“Tow the Line” is thought to be the last song written by Nick Drake. This certainly makes it quite uncanny that it conveys an unusual sense of temporal anxiety and finality mixed with patience, resignation, and even contentment. Continue reading

“Solitude” – A postmodern pastoral “prog-rock” gem from 1971 by Peter Hammill

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In about 1974 I purchased a few $1.99 cut-out albums of progressive rock. They were “Pawn Hearts” by Van Der Graff Generator (Peter Hammill’s group) and “Fools Mate” by Peter Hammill. Continue reading

“Godric” by Frederick Buechner – The advice Godric received from Tom Ball

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“This life of ours is like a street that passes many doors,” Ball said, “nor think you all doors I mean are wood. Every day’s a door and every night. When a man throws wide his arms to you in friendship, it’s a door he opens same as when a woman opens hers in wantonness. The street forks out, and there’s two doors to choose between. The meadow that tempts you rest your bones and dream a while. The rackribbed child that begs for scraps the dogs have left. The sea that calls a man to travel far. They all are doors, some God’s and some the Fiend’s. So choose with care which one’s you take, my son, and one day – who can say – you’ll reach the holy door itself.”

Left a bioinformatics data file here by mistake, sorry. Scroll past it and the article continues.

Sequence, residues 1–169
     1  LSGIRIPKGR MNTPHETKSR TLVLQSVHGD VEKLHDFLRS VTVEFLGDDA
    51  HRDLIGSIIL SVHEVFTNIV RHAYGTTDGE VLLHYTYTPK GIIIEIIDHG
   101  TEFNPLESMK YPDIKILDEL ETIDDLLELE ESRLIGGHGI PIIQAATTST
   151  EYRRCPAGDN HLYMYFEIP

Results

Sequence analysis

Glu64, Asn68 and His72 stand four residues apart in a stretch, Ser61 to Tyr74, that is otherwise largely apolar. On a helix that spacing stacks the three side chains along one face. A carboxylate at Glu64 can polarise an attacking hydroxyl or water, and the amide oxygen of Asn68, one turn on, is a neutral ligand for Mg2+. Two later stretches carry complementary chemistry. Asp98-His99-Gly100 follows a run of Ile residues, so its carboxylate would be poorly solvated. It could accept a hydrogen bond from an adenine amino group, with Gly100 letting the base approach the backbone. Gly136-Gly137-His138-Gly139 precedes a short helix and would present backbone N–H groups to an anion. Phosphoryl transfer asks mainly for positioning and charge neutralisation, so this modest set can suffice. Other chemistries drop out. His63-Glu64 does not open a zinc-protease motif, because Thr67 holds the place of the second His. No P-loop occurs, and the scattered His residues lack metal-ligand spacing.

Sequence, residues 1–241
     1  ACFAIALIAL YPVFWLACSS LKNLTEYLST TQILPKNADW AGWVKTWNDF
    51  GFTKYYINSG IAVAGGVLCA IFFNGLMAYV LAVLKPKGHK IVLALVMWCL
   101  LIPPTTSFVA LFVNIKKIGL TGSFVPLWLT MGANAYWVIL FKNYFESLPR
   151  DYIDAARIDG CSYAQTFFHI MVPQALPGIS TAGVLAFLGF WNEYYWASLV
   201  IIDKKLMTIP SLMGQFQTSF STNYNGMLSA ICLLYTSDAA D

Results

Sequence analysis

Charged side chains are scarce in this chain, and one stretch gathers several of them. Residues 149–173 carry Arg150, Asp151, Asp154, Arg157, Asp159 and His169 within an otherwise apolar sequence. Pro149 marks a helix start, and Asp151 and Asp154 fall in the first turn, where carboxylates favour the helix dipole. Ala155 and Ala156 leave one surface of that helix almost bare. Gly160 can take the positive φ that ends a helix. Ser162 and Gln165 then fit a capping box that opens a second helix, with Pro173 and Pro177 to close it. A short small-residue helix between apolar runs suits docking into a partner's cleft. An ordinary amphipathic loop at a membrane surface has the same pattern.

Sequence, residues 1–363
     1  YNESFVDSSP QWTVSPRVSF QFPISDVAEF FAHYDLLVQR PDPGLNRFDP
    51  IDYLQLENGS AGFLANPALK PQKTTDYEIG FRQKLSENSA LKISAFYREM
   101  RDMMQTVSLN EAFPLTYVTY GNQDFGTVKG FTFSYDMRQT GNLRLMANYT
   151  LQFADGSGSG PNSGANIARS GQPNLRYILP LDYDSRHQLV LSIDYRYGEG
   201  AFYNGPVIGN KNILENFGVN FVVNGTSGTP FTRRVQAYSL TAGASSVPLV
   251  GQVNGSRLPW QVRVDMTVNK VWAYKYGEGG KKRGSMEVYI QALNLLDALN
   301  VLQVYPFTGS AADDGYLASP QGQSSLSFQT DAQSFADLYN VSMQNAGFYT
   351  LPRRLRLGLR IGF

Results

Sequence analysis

Godric, p. 24

I find these medieval views of life to be quite refreshing in their “black and white” morality versus the “grey areas” relativism of our postmodern age, and in their sheer meaningfulness. Have we postmoderns relativized our lives into practical meaninglessness? And are we requiring our children to make bricks with their lives without giving them any straw to make them with?

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A depiction of the Hebrews’ bondage in Egypt, during which they were forced to make bricks without straw.

Comments, questions, critiques, likes, are always welcome.

Thank you!

BMC @ Manifest Propensity, 2013

Nick Drake’s Apocalyptic Pink Moon

Saw it written and I saw it say
Pink moon is on its way
And none of you stand so tall
Pink moon gonna get ye all
And it’s a pink moon

Yes, a pink moon
Pink, pink, pink, pink, pink moon
Pink, pink, pink, pink, pink moon

Yes, a pink moon

Like many who have been fortunate enough to have heard the beautiful song “Pink Moon,” I have wondered what the “Pink moon” is referring to. Continue reading